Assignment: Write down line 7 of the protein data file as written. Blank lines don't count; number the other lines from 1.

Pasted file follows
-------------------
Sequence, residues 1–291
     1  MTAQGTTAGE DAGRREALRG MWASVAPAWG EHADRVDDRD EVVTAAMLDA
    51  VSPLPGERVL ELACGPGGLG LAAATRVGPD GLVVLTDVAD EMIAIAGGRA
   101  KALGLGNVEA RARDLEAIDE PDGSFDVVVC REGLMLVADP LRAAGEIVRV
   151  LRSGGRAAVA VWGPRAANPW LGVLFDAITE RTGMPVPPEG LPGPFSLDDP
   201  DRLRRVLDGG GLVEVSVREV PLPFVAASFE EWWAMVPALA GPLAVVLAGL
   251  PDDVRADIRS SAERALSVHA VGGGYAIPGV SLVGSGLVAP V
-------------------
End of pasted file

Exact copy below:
   251  PDDVRADIRS SAERALSVHA VGGGYAIPGV SLVGSGLVAP V